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(SOUNDBITE OF MUSIC)

SIEGEL: Finally, this hour, we return to the Hidden World of Girls, our series produced with The Kitchen Sisters. The end of high school and the beginning of college is a momentous time for any teenager, a time of shifting identities and evolving family relationships. Well, now imagine going through all of that in a foreign country. Nineteen-year-old Mandy Lu did just that.

MANDY LU: Well, after 13 hours of arduous journey, I am finally in Beijing, and it feels kind of weird. That was me a couple of months ago, on my first trip back to China since before I started college in the U.S. It's been two years. When I saw my parents and grandmother at the airport, I felt awkward. I didn't really know what to say to them.

UNIDENTIFIED WOMAN: (Foreign language spoken)

LU: The first thing my mother says to me is: You're not fat. She always tells me I've gained weight when I talk to her over Skype.

UNIDENTIFIED WOMAN: (Foreign language spoken)

LU: Whenever I cross the border between my two worlds, for the first few days, I feel like I'm in a daze. I have to find an identity for myself in a place that's so familiar and yet not familiar at all. And I'm all on my own whenever that happens, because no one around me knows my other world or the kind of person I am in my other world. My parents are from northeastern China. They're migrant workers living in Beijing. Financially, they're not very stable. They run a traditional medicine shop doing acupuncture and massage. They work seven days a week. I look at how hard their lives are, and I feel guilty that I can't help.

It's hard for them to get a grip on what things are like for me. I don't think they know enough about America to have the capacity to understand certain things. Like how I don't eat steamed buns for breakfast at school. Or how I could disagree with my professor. Or why a dance party at college where everybody cross-dresses is fun. So we end up talking about mundane subjects like what I want to eat for lunch.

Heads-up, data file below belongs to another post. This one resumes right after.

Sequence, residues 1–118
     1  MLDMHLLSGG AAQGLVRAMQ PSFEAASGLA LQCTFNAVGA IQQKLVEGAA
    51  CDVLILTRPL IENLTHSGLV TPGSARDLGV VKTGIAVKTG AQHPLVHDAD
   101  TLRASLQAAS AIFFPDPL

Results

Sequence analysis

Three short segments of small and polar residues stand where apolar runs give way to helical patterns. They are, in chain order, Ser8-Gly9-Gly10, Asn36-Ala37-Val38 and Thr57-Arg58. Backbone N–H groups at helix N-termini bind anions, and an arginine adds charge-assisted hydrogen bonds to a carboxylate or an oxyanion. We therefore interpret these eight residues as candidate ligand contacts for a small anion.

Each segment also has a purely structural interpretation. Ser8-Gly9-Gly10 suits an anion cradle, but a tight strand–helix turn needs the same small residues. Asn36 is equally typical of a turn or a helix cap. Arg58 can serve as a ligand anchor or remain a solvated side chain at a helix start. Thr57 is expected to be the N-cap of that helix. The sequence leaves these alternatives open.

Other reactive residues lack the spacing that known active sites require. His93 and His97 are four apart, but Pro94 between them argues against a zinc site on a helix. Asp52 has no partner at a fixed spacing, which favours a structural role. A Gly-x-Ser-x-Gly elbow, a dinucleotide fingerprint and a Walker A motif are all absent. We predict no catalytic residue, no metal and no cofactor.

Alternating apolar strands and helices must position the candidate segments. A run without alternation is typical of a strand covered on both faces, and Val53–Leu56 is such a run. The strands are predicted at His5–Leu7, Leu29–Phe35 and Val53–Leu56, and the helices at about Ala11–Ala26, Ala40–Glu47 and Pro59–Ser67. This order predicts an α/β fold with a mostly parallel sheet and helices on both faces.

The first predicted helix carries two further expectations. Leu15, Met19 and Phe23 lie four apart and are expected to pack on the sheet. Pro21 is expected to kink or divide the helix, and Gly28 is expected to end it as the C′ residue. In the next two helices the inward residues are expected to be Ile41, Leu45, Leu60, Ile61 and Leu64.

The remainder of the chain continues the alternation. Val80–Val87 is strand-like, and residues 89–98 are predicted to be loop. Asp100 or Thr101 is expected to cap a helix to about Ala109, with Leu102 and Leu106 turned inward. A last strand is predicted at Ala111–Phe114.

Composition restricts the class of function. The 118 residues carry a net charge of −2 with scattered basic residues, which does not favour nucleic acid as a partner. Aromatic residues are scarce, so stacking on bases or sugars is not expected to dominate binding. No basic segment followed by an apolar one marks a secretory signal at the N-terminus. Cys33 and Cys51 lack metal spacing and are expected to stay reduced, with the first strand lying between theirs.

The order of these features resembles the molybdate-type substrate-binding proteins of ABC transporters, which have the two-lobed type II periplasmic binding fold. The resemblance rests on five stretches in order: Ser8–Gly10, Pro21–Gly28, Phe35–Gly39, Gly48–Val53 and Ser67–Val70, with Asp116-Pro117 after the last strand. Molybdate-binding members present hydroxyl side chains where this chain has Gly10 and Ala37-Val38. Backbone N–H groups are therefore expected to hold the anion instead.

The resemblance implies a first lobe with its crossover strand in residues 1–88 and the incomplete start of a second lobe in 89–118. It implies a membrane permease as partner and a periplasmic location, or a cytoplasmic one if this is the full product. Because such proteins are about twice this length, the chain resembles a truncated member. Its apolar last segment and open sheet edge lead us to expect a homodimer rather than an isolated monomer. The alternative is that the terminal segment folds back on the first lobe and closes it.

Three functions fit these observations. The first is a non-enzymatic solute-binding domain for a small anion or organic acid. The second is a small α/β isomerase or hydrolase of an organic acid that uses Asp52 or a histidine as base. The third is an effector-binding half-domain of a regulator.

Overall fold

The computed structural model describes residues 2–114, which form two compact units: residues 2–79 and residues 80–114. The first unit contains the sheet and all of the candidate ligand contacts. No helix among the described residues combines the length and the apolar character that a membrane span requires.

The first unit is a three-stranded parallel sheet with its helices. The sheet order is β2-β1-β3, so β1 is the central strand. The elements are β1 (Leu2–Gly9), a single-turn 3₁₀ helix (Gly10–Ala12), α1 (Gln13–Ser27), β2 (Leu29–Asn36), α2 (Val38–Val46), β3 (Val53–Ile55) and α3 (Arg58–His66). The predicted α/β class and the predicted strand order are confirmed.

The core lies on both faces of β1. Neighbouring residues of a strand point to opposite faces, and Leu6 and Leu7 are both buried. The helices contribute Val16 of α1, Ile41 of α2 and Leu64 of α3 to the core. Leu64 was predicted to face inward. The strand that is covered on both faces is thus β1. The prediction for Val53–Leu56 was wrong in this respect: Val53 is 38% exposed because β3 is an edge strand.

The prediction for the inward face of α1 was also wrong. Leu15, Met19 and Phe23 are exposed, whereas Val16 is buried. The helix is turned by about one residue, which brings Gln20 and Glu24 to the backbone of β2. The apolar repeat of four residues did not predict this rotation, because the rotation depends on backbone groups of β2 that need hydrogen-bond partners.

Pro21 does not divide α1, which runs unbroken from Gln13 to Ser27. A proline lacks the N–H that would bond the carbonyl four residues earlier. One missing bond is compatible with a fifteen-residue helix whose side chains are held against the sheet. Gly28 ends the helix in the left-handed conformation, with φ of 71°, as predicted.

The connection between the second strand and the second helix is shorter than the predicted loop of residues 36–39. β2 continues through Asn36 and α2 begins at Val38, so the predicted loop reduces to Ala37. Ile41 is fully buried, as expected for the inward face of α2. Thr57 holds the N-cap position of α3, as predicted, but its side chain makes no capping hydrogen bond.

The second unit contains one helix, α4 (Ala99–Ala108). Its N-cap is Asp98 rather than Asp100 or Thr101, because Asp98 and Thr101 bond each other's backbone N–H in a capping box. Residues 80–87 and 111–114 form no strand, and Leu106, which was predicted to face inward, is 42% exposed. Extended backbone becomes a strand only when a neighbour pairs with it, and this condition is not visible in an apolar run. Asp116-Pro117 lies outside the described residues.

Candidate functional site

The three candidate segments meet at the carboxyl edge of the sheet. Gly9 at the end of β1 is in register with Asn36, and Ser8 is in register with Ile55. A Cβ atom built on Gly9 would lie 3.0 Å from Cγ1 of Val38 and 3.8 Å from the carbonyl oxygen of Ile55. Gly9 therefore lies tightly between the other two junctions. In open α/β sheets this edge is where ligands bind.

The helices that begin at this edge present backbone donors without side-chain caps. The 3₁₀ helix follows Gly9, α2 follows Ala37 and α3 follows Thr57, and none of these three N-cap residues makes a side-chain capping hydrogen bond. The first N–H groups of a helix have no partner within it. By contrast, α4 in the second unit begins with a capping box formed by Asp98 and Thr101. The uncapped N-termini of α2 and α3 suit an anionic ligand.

UNIDENTIFIED MAN #1: (Foreign language spoken)

LU: That day was kung pao chicken. On my trip back home, I spent a lot of time sitting around with family eating or just snacking on sunflower seeds. My parents think it's important for me to connect with my relatives, but I have almost nothing to say. Sometimes, I wonder if I'm actually related to them.

UNIDENTIFIED MAN #2: (Foreign language spoken)

(SOUNDBITE OF LAUGHTER)

LU: As they got louder and louder, I would have flashbacks to the racket my friends and I would make in the school cafeteria over, you know, someone's silly trick with a straw or the racket we'd make with test tubes and beakers in the chemistry lab. I found myself missing that. I've been back from my visit to China for two months now. I'm still debating if I should put pictures from my trip on Facebook. Here in the U.S., I've been unconsciously only putting my American self out there. Maybe I'm afraid to show my differences, or maybe I'm simply avoiding the many questions I know will come my way.

(SOUNDBITE OF MUSIC) Transcript provided by NPR, Copyright NPR.